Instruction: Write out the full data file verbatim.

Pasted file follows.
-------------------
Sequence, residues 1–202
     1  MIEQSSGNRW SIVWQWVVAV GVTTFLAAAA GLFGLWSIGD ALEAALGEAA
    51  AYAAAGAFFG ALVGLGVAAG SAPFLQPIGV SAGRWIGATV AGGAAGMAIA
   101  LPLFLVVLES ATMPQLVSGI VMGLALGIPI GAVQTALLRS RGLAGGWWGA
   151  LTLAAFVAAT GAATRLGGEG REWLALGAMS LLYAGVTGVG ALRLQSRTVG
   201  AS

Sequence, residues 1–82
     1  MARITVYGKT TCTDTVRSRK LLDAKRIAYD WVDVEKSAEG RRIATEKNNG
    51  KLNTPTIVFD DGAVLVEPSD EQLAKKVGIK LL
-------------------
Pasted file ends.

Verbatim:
Sequence, residues 1–202
     1  MIEQSSGNRW SIVWQWVVAV GVTTFLAAAA GLFGLWSIGD ALEAALGEAA
    51  AYAAAGAFFG ALVGLGVAAG SAPFLQPIGV SAGRWIGATV AGGAAGMAIA
   101  LPLFLVVLES ATMPQLVSGI VMGLALGIPI GAVQTALLRS RGLAGGWWGA
   151  LTLAAFVAAT GAATRLGGEG REWLALGAMS LLYAGVTGVG ALRLQSRTVG
   201  AS

Sequence, residues 1–82
     1  MARITVYGKT TCTDTVRSRK LLDAKRIAYD WVDVEKSAEG RRIATEKNNG
    51  KLNTPTIVFD DGAVLVEPSD EQLAKKVGIK LL